Genetic Diversity of Echinococcus granulosus Isolated from Humans: A Comparative Study in Two Cystic Echinococcosis Endemic Areas, Turkey and Iran


Barazesh A., Sarkari B., Shahabi S., Halidi A. G. , Ekici A. , Aydemir S. , ...More

BIOMED RESEARCH INTERNATIONAL, vol.2020, 2020 (Journal Indexed in SCI) identifier identifier identifier

  • Publication Type: Article / Article
  • Volume: 2020
  • Publication Date: 2020
  • Doi Number: 10.1155/2020/3054195
  • Title of Journal : BIOMED RESEARCH INTERNATIONAL

Abstract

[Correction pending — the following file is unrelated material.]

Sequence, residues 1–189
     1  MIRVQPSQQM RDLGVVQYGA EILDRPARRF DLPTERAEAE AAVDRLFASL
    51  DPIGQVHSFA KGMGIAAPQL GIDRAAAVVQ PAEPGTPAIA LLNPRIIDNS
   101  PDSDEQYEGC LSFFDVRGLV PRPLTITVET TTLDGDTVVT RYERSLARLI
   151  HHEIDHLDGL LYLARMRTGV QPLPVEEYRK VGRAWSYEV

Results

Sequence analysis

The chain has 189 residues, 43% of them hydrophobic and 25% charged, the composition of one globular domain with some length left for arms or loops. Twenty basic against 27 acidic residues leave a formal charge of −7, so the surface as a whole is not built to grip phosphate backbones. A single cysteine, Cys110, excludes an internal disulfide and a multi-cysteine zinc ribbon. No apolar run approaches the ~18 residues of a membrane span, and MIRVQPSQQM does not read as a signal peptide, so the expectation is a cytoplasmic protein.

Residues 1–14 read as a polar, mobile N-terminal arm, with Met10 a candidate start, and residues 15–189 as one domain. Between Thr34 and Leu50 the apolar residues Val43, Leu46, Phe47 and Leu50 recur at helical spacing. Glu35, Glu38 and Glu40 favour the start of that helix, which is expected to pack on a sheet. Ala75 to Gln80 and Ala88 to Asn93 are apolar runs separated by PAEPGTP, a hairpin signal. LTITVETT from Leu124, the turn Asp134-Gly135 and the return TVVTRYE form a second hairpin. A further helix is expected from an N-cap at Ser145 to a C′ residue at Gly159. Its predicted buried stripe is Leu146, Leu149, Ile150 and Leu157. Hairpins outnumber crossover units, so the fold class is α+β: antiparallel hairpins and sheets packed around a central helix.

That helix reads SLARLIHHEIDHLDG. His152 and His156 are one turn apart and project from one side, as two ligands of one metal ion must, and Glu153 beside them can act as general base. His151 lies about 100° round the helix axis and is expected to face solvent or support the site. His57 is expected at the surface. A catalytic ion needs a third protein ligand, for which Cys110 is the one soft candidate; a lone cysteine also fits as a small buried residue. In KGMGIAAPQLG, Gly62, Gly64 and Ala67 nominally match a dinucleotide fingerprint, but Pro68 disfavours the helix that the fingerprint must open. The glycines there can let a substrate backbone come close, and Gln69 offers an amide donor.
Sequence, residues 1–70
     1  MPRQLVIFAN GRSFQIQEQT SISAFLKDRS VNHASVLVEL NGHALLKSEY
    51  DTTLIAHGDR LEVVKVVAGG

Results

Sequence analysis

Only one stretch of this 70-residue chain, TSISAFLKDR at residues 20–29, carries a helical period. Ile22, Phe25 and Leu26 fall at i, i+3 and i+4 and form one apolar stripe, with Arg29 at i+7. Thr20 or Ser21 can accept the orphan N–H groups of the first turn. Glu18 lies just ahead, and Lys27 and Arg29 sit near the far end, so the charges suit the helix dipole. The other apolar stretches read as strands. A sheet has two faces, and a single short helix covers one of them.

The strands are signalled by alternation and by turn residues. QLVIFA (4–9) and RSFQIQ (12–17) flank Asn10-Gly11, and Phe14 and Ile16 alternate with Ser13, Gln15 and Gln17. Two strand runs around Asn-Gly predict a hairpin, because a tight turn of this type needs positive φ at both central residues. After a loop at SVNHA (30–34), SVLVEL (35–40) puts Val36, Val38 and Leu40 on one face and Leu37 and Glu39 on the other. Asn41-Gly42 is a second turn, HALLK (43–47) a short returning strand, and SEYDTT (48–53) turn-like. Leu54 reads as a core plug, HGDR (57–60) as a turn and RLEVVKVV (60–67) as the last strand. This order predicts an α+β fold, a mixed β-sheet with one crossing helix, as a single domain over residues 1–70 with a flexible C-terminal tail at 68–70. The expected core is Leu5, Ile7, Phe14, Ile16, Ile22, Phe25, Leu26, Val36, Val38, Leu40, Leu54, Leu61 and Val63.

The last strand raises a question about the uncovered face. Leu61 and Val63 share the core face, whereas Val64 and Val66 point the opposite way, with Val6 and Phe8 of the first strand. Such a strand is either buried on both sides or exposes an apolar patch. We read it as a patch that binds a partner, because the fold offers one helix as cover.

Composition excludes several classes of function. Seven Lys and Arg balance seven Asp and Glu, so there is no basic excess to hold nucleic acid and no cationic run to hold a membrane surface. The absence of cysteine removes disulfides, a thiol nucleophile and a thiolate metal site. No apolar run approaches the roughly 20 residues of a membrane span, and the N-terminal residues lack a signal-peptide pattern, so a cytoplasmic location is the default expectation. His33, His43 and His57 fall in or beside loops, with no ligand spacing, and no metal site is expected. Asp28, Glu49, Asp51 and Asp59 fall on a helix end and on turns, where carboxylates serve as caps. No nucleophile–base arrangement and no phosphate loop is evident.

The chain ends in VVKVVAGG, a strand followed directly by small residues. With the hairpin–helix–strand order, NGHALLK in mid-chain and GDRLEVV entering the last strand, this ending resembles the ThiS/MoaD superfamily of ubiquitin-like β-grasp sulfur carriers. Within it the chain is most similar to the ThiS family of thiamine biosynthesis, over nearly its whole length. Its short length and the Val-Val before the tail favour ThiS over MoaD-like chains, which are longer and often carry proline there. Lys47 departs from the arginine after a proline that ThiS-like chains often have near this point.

Cystic echinococcosis (CE) is one of the most important zoonotic parasitic diseases caused by the larval stage of Echinococcus granulosus. Based on molecular studies and DNA sequencing, E. granulosus has been classified into 10 different genotypes (G1 to G10). Two neighboring countries, Turkey and Iran, are considered the two main foci of CE in the Middle East. The current study is aimed at examining the genotype diversity of E. granulosus isolated from human clinical samples in Turkey and Iran. Surgically removed human hydatid cysts were collected from East Azerbaijan and Fars provinces in Iran and Van province in Turkey. After extracting DNA, performing PCR, targeting the cox1 gene, the PCR products were purified from the gel and were sequenced from both directions. The sequences were aligned and compared, using BioEdit and also the BLAST program of GenBank. The maximum likelihood tree was constructed based on the Tamura-Nei model, using the MEGAX software. Phylogenetic analysis showed that the human isolated samples were classified into two major clades: G1 (from Iran and Turkey) and G3 (5 samples from northwestern Iran and one sample from Turkey). The mean and degree of genetic divergence (K2P) between the two major clades, G1 and G3, were 0.2% and 0.7 +/- 0.4%, respectively. The findings of the current study revealed that the sheep strain (G1) and the less important strain G3 have major roles in the transmission cycle of CE in two neighboring countries, Iran and Turkey. Therefore, it is necessary to interpose the life cycle of this parasite and reduce the disease burden in livestock and humans by adopting common regional preventive and control policies.